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Constellation steadies its ship

Constellation Brands, the world’s second largest wine producer by volume, yesterday issued mixed results.

For the three months to the end of last November the company made net profits of US$104.8 million (52 cents a share) compared with US$139.3m (65 cents a share) in the same period in 2010.

Excluding one-off items, Constellation made 50 cents a share, which slightly disappointed Wall Street because the consensus of opinion was that the group would announce third quarter profits of 53 cents a share. Consequently, the stock was marked down by about 5% in early trading.

In broad terms sales fell by 27% compared with the same three months in 2010, with wine and spirits sales in the US falling by 4%. But those figures should be seen in the context of Constellation selling 80% of its troubled Australian and UK interests at this time last year. That marked a corporate U-turn.

In 21 years Constellation had made 21 acquisitions including buying the iconic Robert Mondavi, an expansion strategy that culminated in 2007 with the purchase of Fortune Brands’ wine arm.

That strategy paid off until the world financial crisis struck and Constellation’s profits nose-dived. The group took stock and decided that it had to move upmarket and cut its costs.

Since then it has sold low margin brands such as Inglenook and Almaden to pursue organic growth based on the premiumisation pattern so successfully developed by Diageo and Pernod Ricard.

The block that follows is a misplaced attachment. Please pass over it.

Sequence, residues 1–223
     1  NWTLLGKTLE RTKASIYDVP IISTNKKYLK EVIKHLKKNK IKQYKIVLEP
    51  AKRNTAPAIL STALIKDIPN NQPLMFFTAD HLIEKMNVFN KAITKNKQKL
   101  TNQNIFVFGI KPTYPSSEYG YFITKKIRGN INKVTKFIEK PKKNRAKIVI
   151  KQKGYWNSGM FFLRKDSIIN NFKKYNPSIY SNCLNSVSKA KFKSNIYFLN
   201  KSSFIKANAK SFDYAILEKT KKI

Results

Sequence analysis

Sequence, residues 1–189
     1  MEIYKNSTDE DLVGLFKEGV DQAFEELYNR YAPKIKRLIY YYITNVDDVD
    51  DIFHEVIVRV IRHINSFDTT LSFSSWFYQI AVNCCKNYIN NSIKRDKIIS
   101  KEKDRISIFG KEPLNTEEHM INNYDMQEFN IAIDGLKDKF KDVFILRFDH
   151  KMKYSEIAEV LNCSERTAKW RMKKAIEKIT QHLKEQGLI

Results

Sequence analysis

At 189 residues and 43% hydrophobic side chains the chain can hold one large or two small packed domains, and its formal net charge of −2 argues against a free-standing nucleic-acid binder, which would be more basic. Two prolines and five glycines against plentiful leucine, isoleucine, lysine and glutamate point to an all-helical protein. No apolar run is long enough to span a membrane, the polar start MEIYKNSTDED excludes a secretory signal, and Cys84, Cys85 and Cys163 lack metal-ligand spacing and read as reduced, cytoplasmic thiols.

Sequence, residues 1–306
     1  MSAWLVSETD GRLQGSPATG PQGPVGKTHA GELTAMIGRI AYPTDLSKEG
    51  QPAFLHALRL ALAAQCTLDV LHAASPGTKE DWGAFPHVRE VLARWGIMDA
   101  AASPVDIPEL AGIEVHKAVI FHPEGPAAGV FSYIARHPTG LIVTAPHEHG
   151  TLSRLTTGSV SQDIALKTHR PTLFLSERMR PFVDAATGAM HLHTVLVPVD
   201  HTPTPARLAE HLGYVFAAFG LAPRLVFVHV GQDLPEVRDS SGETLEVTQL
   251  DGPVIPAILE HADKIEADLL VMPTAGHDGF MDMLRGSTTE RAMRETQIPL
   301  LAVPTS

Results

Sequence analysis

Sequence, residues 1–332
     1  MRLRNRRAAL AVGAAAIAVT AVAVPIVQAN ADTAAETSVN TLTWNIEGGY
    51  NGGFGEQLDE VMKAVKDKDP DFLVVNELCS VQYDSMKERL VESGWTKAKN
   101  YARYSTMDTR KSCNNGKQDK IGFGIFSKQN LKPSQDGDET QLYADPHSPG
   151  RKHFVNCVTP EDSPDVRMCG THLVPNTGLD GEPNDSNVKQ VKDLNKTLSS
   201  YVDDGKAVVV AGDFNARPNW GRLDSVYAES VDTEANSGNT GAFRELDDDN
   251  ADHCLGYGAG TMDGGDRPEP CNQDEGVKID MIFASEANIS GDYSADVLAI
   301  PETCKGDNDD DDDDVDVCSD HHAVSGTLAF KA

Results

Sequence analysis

Industry estimates say that Constellation is the world’s largest premium wine producer with about 17% of that category in the US market.

The global portfolio of 300 brands has been cut to about 100, debt has been almost halved from the peak US$5.3 billion and the number of employees has been slashed from 9,400 to 4,300.

So the ship has been steadied and is now back on course. On the basis of its third quarter results, Constellation has confirmed its profits forecast for the full financial year to the end of next month.

It expects to make profits of between US$1.92 and US$2.02 per share. In the context of the retrenchment, that will be very positive, but there are additional factors that underline Constellation’s successful change of strategy.

In addition to the hefty reduction of debt, Constellation has also been aggressively buying back its own shares; in the latest quarter alone it spent US$92m on repurchasing 5.2m shares. Since last February it has spent US$281m on this exercise, which adds value to the remaining shares.

Further, Bob Ryder, the chief financial officer, revealed that Constellation has increased its free cash flow target for the full year by US$100m to between US$700m and US$750m. “Our continued strong free cash flow generation enabled us to reduce our debt, fund the stock repurchases and acquire the remaining 50.1% interest in the Ruffino business,” he said.

The free cash flow target would be a record and thus prompts the question of what Constellation will do with it.

Numerous companies including Diageo, Rémy Cointreau and Davide Campari have all amassed “war chests”, so desirable niche takeover targets will be hard to acquire without a battle.

Moreover, Constellation’s shareholders will need much reassurance that any target brand or company will add value before they give it wholehearted approval – after all, it is only two years ago that the company slammed on the brakes and made a U-turn. Nevertheless, it would be surprising if Constellation were not running its eye over the market.

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